brand_identity

Archetype: [ahr-ki-tahyp]
noun: a collectively inherited unconscious idea, pattern of thought, image, universally present in individual psyches; a model or first form; prototype.

As defined above, the term “archetype” originates from ancient Greek meaning “original or old” (archein) and “type or pattern” (typos). The archetype concept is used in areas relating to behavior, literature, psychology and even branding. Most notably, well-known psychologist, Carl Jung, used archetypes—events, figures, motifs and images—to define the meaning and motivation within the human psyche. Jung referred to these archetypes as a symbol of the collective conscious found in recurring thoughts, stories and memories derived from one’s personal experiences. Through these repeating patterns and persisting events, one will create their own archetype. Their own Self. So, where the heck am I going with this and how does this relate to marketing you ask? Good question!

What is a Brand Archetype?

Inspired by Jung’s psychological framework and archetype theory, we can apply the same basic concepts to the foundations of brand identity and brand positioning. In relation to marketing, a brand archetype is a symbol, character or category which you assign to your brand or business. For those of you who don’t already know, I am a big believer in the idea that every brand and business entity has an individual personality and unique story to tell. And in any good story, there is always a main character who is pivotal to the narrative and storyline. This character becomes the heart of the story and over time develops into a person that the audience can relate to and identify with.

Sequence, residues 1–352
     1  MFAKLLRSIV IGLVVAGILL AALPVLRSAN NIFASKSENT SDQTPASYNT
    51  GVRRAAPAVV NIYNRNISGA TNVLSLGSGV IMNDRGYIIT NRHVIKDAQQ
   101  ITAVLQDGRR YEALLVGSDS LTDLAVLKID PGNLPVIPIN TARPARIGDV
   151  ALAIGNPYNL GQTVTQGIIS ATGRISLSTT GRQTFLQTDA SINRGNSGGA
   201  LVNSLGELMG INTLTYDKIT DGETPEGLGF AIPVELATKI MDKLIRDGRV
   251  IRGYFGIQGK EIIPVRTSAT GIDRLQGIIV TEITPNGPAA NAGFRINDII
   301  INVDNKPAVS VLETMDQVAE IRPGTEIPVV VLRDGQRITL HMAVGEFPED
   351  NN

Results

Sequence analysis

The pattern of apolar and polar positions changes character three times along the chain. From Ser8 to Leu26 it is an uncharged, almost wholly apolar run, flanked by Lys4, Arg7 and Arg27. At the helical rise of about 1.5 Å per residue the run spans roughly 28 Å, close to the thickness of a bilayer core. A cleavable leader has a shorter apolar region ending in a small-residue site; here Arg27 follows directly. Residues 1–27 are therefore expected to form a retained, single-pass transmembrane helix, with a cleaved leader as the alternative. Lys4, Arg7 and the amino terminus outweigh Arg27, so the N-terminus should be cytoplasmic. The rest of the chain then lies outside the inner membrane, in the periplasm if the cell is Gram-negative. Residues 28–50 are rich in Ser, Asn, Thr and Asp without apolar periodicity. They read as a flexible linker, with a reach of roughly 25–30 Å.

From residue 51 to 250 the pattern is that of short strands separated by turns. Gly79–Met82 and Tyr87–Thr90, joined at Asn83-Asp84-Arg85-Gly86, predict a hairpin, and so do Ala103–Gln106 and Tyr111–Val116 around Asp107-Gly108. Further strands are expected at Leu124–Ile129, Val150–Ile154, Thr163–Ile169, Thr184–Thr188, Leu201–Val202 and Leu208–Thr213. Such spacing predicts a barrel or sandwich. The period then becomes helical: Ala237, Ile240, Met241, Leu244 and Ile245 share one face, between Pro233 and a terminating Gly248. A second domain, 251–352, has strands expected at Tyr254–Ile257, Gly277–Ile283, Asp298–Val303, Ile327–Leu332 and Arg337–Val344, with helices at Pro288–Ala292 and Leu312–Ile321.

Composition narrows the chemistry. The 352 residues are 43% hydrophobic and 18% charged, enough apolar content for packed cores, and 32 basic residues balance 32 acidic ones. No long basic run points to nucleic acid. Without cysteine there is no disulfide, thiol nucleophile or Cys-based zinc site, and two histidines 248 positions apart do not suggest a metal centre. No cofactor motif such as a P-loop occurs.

In a similar fashion, creating a brand persona or brand archetype both aims to impart realism and connect you with your audience. Creating meaningful relationships on a whole new level; human-to-human rather than business-to-consumer. People connect with people, not products or services. Your clients want to know there is a shared sense of purpose and meaning.

Why Create Your Brand Archetype?

Developing your brand archetype will enable you to better connect with your target audience and illuminate the driving force of your business. Your audience wants to know who you are, what you do and most importantly, WHY you do it. Having a strategic framework in place will allow you to make informed decisions and deliver a consistent vision, voice and purpose.

Here’s a few other reasons why archetypes are important to brand development:

  • Communicate more effectively to increase engagement
  • Create a nurturing organizational culture to increase satisfaction
  • Clearly establish expectations, define the space and set boundaries
  • Align your brand’s core values with your products and services
  • Inspire and motivate to increase client and employee retention

The 12 Master Archetypes